September is Blood Cancer Awareness month and time to focus on how some myeloma patients are developing Muscles for Myeloma. Staying fit is critical for your best myeloma outcomes. Every patient will be different in what they can do, so talk with your doctor, listen to your body and stay as active as you possible can based on your unique situation.
Nicole was first diagnosed with myeloma as the result of a seemingly unrelated health issue. She was diagnosed with scoliosis, which is a sideways curvature of the spine, and had three corrective surgeries. The increased pain to her spine “was unbearable, and then I started having pains throughout my body and was placed on large doses of pain medications that weren’t helping”, she recalls. They tried injections, acupuncture, tens units, and physical therapy. In July of 2018, a neurosurgeon placed a pain stimulation device in Nicole’s spine to help control the pain.
Nicole one week before diagnosis (left).
An infection arose from the device and Nicole’s health declined quickly. After many visits to the ER, an emergency surgery, and an appointment with a nephrologist due to early kidney failure, Nicole’s doctors suspected she had multiple myeloma.
The reality of having myeloma greatly impacted Nicole’s health in every aspect, as expected.
Almost a year out since diagnosis, “I am extremely tired all the time, my mental capacity has changed since chemo, my emotional well-being has been a rollercoaster of moods making me lack any motivation too be around friends, and I still deal with a lot of pain from all the lytic lesions throughout my body so I am on strong pain meds that make me drowsy”, she says.
As far as trying to keep up, Nicole makes nutrition her number one priority. She struggles having an appetite, so she has to remain conscious to eat healthy foods every 4 hours and drink water.
She also walks everyday. “Sometimes it is just to the mailbox and other days I’m able to do the entire block. I also do pilates sessions with someone that specializes in back and health issues. We go slow and I definitely feel it the next day. Right now I am only able to handle one session a week,” she admits.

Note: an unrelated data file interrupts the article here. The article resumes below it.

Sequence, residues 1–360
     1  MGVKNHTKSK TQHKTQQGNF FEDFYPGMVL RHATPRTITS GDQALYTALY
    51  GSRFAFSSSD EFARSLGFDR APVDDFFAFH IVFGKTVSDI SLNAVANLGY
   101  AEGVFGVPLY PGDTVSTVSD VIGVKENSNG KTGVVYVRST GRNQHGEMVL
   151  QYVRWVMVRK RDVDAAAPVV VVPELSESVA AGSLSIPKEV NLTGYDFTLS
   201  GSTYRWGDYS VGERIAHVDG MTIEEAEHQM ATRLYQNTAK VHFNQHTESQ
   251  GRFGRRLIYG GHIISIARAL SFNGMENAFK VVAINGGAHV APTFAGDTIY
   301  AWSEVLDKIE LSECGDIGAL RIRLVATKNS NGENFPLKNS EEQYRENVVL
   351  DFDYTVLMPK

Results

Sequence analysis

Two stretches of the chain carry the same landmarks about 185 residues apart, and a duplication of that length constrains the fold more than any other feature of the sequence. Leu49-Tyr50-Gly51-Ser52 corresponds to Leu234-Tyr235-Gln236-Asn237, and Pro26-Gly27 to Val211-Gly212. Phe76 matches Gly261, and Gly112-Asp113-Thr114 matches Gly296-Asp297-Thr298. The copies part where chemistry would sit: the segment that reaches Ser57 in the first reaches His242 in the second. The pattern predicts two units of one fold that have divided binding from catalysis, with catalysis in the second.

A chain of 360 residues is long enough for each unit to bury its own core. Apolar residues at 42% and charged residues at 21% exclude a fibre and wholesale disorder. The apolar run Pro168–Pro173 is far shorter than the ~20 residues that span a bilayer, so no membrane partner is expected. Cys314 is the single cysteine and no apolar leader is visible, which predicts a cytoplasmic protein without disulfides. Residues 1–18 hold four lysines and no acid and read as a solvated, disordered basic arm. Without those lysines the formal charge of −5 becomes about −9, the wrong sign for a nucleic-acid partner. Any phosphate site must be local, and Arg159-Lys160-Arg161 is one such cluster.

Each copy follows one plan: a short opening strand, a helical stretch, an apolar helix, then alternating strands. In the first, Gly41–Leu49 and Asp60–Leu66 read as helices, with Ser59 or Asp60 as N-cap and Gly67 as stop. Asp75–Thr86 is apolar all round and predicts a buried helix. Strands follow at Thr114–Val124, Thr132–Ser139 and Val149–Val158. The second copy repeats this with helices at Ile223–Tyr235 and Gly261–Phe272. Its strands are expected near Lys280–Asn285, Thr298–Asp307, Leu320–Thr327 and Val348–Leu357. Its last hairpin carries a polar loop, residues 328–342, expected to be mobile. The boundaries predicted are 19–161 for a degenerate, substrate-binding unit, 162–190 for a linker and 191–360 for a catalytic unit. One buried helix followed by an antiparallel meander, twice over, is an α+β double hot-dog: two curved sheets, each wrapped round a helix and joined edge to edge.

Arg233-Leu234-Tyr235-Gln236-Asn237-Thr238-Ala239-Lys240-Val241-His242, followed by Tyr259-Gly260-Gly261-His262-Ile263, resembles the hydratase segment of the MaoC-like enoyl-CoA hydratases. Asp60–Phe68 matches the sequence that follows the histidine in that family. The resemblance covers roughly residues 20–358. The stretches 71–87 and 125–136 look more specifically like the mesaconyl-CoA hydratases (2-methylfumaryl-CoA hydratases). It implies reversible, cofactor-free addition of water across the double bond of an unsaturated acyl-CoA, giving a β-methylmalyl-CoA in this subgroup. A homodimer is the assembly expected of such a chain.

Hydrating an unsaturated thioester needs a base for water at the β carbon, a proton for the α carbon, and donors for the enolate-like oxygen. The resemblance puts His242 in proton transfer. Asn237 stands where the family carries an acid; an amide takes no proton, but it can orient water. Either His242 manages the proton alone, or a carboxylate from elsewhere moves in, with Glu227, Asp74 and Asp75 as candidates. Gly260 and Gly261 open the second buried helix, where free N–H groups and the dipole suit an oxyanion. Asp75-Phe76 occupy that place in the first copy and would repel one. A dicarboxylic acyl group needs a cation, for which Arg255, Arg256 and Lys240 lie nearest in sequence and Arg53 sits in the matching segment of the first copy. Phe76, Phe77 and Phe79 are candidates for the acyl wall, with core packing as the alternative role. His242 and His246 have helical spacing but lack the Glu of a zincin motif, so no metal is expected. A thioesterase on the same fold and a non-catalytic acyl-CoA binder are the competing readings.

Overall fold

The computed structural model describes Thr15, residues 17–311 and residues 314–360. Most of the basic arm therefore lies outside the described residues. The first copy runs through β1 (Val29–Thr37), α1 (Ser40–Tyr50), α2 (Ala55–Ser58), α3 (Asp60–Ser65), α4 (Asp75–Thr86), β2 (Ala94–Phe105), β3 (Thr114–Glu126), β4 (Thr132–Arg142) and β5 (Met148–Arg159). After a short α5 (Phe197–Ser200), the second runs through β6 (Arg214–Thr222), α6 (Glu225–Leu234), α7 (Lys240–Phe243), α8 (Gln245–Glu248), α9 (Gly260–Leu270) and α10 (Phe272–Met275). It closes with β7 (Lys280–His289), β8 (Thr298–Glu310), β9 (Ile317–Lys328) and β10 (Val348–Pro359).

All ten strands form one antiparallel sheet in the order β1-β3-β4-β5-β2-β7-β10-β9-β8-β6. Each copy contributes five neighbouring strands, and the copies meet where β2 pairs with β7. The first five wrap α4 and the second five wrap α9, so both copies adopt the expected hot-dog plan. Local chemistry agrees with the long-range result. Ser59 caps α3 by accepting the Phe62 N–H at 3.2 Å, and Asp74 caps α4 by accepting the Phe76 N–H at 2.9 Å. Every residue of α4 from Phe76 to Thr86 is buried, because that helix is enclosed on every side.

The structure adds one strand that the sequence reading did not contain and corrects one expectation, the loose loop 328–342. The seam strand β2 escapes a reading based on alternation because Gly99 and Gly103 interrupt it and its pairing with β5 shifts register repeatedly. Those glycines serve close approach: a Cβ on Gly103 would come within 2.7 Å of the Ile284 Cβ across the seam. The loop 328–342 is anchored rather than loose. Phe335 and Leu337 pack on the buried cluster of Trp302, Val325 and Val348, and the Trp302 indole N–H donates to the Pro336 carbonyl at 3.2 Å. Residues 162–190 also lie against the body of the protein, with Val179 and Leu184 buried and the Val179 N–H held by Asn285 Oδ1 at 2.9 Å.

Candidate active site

Having dogs that need daily walks helps her stay motivated. She also draws great support from her husband, who she can lean on if needed.
“I just feel so much better if I keep moving, even if it’s just bed exercises with my elastic bands, or slowly cleaning the house. I personally think I can do more than I should, and I end up paying the price for it all the time, being stuck on the couch for a couple days after I’ve pushed myself too far…but I think my internal drive is what has gotten me through some things,” –Nicole S.
Nicole two months after SCT (left).
Nicole has seen that physical activity of any kind improves her life. She encourages others to do what they can and feel the joy that comes from movement.
“You have to want to feel better, and if you don’t move, you’ll feel worse. Find something that you like to do. Be it yoga, walking, biking, swimming. Just find it and do it. It will not only make you feel better physically, but also emotionally. Find a friend that can come with you to exercise.”
Along with good nutrition and daily walks, Nicole tries to prioritize weekly massages, daily vitamins, scheduled pain meds, and a positive outlook on her life. Positivity is the primary way Nicole maintains her mental well-being. “It is difficult to stay positive, but happiness is a chosen action and I have always believed this,”. She says isolation can be damaging to mental health, so she joined an online support group, talks with friends and family on the phone, and most of all relies on her husband who knows exactly what to say or do when he sees her “going down that rabbit hole of sadness”.
“I have surrounded myself with people that are here too cheer me on and support me. I am also a true believer in faith and that God ultimately has it under control,” –Nicole S.
A special thanks to Nicole for sharing her story.
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